An Interview with Aisling Walsh

in 38th Karlovy Vary International Film Festival

by Martina Zemlicka

The name Aisling Walsh many will soon recognize as a unique storyteller with a powerful voice and vision. The director of Song for a Raggy Boy has an incredible sensitivity and talent for showing details that gives her audience exactly what we all hope for when seeing a film – we live the experience. When watching this film you realize how important it is to understand what really happened in the name of the catholic church centuries ago. This shocking drama is set in the 1930s and drawn from real events at an Irish Reformatory School. Song for a Raggy Boy is the story of one man’s courage to stand up and fight against the tough fascist regime and the sadistic headmaster who reigns over his helpless pupils with unlimited power.

MZ: Your movie is a about history and power of the catholic church and therefore about the male gender, just one female actress appears briefly in an extra role.

AW: A lot of work I have done has been with men – male cast. It is interesting. Iain Glenn (who plays Brother John) is an actor I have worked with quite a few times and he sort of thinks, somehow I understand men well. I write better for men than for women. I am impressed by very strong women.

MZ: Like Frida? I can see you are wearing her picture on your medaillon.

AW: (Smiling.) Yeah – I went to Art school before I started to do films. I saw her paintings and kept saying to people “this in an incredible painter”. But she has the same thing going on, she was a very strong woman and I think painting, writing and filmmaking, a lot of areas within the arts – you have to be strong if you want to succed.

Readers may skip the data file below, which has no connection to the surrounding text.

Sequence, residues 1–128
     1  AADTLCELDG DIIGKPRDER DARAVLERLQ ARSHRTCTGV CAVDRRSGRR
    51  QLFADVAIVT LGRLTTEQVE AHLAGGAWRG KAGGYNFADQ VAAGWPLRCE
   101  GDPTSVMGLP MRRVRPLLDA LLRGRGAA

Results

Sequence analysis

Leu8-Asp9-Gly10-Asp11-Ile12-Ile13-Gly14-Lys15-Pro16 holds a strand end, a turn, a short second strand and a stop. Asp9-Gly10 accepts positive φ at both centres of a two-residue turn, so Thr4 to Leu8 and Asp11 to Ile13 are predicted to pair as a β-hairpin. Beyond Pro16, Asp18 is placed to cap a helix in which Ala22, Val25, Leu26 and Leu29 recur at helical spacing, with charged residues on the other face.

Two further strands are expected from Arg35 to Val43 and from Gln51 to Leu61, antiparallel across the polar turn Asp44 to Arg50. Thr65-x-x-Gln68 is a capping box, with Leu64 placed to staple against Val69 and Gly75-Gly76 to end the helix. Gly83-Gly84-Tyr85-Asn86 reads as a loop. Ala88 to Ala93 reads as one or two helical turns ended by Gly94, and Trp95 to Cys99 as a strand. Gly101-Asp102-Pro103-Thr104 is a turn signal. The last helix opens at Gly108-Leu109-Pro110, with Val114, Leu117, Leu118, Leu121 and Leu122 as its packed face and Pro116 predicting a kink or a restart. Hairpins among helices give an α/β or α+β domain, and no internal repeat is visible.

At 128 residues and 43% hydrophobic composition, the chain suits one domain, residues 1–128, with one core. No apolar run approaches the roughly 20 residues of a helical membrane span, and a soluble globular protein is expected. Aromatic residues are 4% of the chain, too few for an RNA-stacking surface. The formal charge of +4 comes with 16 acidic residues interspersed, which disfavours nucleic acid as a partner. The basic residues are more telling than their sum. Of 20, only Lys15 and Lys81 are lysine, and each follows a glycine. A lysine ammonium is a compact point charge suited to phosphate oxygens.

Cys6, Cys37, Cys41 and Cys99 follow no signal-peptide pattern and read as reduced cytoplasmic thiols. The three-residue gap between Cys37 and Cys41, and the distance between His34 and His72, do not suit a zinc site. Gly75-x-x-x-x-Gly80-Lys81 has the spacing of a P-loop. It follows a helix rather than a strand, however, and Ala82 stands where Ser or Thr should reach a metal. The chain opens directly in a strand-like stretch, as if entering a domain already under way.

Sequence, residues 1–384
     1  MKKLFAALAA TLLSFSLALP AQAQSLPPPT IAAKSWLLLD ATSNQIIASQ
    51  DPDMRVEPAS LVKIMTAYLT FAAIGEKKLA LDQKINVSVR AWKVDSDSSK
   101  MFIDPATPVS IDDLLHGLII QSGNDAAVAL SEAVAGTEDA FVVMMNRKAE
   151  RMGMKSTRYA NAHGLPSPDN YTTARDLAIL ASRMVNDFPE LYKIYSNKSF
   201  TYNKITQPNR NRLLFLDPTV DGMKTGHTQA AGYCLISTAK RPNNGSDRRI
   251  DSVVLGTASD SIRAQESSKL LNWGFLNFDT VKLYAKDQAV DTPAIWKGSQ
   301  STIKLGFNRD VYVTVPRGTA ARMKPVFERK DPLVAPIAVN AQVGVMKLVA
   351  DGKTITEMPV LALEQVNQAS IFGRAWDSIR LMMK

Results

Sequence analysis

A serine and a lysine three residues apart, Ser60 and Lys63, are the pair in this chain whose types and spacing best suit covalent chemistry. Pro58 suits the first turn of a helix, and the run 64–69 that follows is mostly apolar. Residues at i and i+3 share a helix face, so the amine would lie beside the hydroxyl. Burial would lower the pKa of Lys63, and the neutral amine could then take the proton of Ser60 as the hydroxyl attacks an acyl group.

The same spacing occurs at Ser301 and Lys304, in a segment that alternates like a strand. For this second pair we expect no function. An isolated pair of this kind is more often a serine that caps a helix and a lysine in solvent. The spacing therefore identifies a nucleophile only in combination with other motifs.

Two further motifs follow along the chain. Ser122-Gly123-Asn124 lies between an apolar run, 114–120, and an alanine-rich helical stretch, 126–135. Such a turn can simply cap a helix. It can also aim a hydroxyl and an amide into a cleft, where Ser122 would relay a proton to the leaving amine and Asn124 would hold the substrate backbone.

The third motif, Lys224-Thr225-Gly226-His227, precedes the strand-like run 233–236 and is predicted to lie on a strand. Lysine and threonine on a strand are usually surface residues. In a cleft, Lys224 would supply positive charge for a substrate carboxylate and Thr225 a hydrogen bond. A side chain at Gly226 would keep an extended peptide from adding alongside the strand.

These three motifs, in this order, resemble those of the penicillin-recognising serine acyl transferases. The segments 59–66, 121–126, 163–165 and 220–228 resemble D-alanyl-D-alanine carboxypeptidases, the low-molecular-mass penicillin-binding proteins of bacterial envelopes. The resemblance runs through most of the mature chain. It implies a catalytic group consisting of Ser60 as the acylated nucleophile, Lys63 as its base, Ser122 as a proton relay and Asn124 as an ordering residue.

MZ: Seeing you I can tell, on one hand you are very humble, but on the other I can see the strength in you, especially in your eyes.

AW: Yeah, that’s what people say. You have to keep going, you know. It took six years to make this film. But it would have been a different film being made already six years ago.

MZ: How did you find the story?

AW: The book has been given to me by one of the producers. It has been given to him by somebody else and – I was helping him on another project he was working on… He asked me, “do you think this would make a good film?” He wanted me to write and direct it. And then we moved on. The book is a novel, very short. So we expanded out from the book, I did quite a bit of investigations over the years and wrote the frist sort of draft and over the years met people and it developed to what you can see now.

MZ: What is the movie about for you?

AW: I think it is about freedom of sort of spirit really. Spirit that he kind of instills in these kids. Sure, the whole story has to do a lot with history and what went on, but I think it is more about what my father always used to say: “stand up and fight for what you believe in!” Being Irish it is very much part of my history as a child growing up. And what is interesting is, I have lived in England for the past 20 years, so I looked at it from a different perspective, a little bit more distant.

MZ: Did you have a chance to meet one of these children being grown-ups today, who had to go through the experience of this brutal regime?

AW: I have a very good friend who I met when I was sixteen. He spent most of his childhood in a school like that. The scene where the brothers are beaten up outside, this is not in the book and there was a documentay made in Ireland four years ago. There were two men interviewed who were just so incredible, so I sort of used that as an inspiration. Then I visited one of these schools – I mean it is official closed down, but I got the building to visit, which has been basically untouched since then. Fortunately, there are no schools like that in function anymore.